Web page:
Excess risk, excess reward, excess concern with short term results. More than any other word, excess gets to the root of the last financial crisis. Islamic law has long cautioned against excesses in the marketplace. Sharia-compliant finance prohibits "riba", translated into English as usury, and also attempts to keep financial transactions and markets in balance. The application of these principles helped to give birth to a thriving market economy in the Arab world that predated western capitalism and modern banking by centuries. The lessons of Islamic finance have a particular poignancy today.
A working paper from the International Monetary Fund released last week reported that Islamic financial institutions were more stable than their counterparts in the West. "Islamic banks performed better, given the large losses incurred by conventional banks in Europe and the US as a result of the crisis," researchers wrote. Both bankers and students are keen to know why: at branches of business schools in Dubai and in the West, classes on the subject are oversubscribed.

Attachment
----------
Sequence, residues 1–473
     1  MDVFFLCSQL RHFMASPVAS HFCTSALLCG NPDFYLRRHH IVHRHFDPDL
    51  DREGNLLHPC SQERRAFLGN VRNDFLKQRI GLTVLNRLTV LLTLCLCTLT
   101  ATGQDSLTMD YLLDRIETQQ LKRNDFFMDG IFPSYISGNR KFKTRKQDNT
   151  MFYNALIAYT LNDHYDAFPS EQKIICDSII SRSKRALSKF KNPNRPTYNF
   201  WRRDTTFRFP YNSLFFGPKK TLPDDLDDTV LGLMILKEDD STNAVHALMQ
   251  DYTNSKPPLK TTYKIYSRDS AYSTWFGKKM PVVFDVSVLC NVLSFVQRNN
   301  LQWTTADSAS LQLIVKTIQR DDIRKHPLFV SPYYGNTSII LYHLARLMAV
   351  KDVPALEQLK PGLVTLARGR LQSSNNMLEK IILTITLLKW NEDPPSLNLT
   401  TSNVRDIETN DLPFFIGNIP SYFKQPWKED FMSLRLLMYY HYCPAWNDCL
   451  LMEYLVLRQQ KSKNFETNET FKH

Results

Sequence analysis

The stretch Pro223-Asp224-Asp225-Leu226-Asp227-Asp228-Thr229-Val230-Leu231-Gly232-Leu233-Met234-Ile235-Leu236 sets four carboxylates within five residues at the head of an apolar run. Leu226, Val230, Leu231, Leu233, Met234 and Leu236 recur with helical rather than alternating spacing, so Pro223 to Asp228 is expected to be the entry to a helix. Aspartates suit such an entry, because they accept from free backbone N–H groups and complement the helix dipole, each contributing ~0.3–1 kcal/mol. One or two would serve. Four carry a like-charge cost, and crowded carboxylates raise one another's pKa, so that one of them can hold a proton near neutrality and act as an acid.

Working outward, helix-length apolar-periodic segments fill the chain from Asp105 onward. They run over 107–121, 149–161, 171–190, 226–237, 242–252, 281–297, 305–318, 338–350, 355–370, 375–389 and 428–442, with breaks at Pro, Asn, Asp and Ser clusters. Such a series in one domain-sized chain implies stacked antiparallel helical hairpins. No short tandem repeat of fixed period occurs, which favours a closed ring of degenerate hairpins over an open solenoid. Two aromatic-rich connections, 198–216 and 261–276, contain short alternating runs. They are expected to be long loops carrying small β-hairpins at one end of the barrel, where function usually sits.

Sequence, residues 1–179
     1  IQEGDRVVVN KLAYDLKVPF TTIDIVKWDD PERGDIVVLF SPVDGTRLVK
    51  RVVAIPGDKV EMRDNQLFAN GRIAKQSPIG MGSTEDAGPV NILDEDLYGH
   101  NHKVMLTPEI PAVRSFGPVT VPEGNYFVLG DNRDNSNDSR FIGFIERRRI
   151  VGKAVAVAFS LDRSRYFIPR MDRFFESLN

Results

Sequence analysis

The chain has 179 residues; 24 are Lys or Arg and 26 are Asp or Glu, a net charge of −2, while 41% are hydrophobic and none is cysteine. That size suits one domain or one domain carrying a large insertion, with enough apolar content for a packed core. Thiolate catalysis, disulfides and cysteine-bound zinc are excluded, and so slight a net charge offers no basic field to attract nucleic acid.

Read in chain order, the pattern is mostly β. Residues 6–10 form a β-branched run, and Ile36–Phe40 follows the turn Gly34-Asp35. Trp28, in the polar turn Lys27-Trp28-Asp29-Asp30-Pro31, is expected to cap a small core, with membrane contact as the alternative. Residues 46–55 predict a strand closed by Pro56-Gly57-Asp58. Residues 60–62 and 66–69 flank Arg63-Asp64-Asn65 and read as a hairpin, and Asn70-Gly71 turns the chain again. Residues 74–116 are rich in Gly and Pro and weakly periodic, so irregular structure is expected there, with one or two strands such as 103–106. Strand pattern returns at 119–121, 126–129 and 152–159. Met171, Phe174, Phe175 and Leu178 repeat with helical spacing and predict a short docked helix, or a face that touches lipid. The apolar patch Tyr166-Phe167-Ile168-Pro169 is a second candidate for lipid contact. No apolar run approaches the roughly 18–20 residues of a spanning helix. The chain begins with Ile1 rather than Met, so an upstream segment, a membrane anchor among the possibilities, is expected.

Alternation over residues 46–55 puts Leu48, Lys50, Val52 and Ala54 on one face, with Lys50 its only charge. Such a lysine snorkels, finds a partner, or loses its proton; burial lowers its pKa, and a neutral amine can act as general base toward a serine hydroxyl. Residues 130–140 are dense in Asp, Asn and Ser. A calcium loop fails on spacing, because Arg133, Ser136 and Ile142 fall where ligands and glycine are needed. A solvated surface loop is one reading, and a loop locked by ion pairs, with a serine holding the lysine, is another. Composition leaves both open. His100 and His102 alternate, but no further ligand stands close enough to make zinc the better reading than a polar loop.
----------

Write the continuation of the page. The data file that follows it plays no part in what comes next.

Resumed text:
The Islamic finance industry already has nearly $1 trillion under management. Demand for Islamic financial products and institutions is expected to grow to $2.8 trillion by 2015, according to the Islamic Financial Services Board based in Malaysia, the country that is the global hub for Islamic banking. The growth in the industry presents an opportunity for this region, and for Dubai in particular.
According to a recent survey of leaders in Islamic finance compiled by Deloitte & Touche, there is considerable room and reason for reform in the Islamic financial sector. Industry leaders reported that a broader agreement on regulatory measures, best practices, and transparency must be applied. Dubai, already a hub for investment in the Muslim world, can drive reform in the Islamic financial sector, and as it does so, help to meet the growing demand for its services.